U.S. Special Forces are fighting Al Qaeda terrorists in Pakistan and are searching for pockets of militants along the border of Afghanistan, Fox News has confirmed.

Small groups of U.S. soldiers based on the Afghan side of the border have been attacked several times a week over the last month and have been in several firefights with Al Qaeda militants, The Washington Post reported in Thursday's edition, citing unidentified U.S. military officials.

No Americans have been killed, but some have been wounded, the Post reported.

U.S. forces have found only small pockets of Al Qaeda forces since the end of a weeklong ground and air assault in the Shah-e-Kot valley south of Kabul, the Afghan capital. Since then, the military has been quiet on whether U.S. forces are operating in Pakistan, where many Al Qaeda fighters are believed to have fled.

In the Afghan regions, members of the Special Forces and Delta Force have been deliberately exposing themselves to attack to draw out the small pockets of Al Qaeda and Taliban fighters believed to be hiding in the border area, the Post said, citing military officials.

U.S. officials earlier had said the Pentagon was considering sending U.S. advisers to work with Pakistani troops in the pursuit of enemy fighters in Pakistan.

A senior administration official said it was his understanding that an agreement may already have been reached, but another official said the two countries had not yet reached that point.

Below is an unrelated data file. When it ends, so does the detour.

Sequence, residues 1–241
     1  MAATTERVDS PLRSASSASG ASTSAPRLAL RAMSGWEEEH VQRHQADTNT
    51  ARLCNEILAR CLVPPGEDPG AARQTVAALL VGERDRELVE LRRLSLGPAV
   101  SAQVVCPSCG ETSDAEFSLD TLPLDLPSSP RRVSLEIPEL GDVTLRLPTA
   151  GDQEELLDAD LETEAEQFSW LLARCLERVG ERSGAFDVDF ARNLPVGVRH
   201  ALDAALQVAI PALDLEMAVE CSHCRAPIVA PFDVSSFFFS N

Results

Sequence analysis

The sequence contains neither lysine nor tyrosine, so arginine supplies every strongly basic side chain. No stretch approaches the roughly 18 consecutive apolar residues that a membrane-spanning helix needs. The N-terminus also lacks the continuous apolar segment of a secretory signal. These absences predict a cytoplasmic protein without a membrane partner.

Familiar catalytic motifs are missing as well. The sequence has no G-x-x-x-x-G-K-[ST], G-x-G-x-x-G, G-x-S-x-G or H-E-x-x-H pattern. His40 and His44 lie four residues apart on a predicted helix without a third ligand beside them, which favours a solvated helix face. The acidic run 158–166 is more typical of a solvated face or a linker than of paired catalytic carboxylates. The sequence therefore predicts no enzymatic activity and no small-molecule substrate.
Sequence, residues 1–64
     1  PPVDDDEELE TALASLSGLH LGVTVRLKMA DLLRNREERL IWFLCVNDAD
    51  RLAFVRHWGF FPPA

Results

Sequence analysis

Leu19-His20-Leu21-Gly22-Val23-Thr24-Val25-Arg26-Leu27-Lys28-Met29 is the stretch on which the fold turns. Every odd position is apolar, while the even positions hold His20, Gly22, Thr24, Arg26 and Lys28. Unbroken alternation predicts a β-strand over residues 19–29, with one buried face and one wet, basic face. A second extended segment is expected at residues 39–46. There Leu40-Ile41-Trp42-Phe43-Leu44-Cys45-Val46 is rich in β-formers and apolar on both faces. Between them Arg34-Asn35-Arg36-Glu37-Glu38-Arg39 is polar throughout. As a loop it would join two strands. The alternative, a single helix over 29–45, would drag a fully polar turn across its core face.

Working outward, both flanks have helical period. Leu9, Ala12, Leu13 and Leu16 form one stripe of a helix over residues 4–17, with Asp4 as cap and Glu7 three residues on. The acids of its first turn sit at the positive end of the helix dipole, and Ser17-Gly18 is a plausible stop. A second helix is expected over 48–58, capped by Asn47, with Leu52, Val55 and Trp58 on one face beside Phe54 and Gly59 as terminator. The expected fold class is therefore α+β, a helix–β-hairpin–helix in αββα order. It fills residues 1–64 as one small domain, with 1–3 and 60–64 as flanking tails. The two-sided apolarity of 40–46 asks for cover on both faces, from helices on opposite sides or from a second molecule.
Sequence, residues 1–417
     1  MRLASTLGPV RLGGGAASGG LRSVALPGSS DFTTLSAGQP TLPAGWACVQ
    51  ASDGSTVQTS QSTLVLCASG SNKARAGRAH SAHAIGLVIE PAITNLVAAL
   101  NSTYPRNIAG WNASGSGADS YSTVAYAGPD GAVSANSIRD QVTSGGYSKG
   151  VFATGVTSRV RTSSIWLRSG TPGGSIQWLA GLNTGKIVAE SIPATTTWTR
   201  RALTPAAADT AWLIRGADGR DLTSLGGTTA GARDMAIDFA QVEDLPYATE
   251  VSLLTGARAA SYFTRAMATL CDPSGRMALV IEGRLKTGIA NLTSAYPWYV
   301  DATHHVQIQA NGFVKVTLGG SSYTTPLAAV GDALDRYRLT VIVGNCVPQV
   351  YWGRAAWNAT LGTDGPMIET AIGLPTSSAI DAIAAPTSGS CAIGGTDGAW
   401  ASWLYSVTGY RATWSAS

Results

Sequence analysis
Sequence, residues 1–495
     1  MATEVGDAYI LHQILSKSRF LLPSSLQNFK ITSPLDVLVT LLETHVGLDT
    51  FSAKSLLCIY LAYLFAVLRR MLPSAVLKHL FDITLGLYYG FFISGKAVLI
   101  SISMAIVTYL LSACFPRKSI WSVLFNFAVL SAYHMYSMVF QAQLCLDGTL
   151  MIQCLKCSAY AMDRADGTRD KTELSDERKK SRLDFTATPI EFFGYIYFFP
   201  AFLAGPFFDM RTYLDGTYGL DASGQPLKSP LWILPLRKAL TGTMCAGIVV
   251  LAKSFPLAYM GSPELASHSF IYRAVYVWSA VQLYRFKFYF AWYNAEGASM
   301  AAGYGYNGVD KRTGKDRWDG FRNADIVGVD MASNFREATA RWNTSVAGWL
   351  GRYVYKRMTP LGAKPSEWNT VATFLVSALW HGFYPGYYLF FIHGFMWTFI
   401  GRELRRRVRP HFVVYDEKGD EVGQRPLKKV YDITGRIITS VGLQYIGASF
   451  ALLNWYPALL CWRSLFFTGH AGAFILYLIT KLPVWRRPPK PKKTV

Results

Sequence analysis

Asked about a New York Times report that an agreement has been reached, Pentagon spokeswoman Victoria Clarke declined comment except to say that Pakistan has been very helpful in the war on terrorism.

"The cooperation continues to get better and better all the time," she said.

At issue is a strategy to deal with hundreds of Al Qaeda and Taliban militants who are believed to have taken refuge in a lawless region near the Afghan border.

One official said Pakistan, concerned about public opinion, was reluctant to acknowledge contacts with the United States about joint military cooperation in tracking down terrorists.

He noted that Pakistani authorities traditionally have been reluctant to engage in law enforcement activities in the area, preferring to leave policing to local tribal authorities.

Pentagon officials have indicated for months that they think it is unlikely that Pakistan would agree to joint military operations in pursuit of suspected terrorists inside Pakistan, and some have said they believe it would be unwise because of a likely political backlash.

The approach taken by Gen. Tommy Franks, the U.S. commander of the war in Afghanistan, has been to coordinate and consult with the Pakistani military in pursuing Al Qaeda fugitives, but to let the Pakistani authorities carry out the operations.

The main U.S. role has been in providing intelligence and law enforcement support, rather than direct military involvement.

The Associated Press contributed to this report.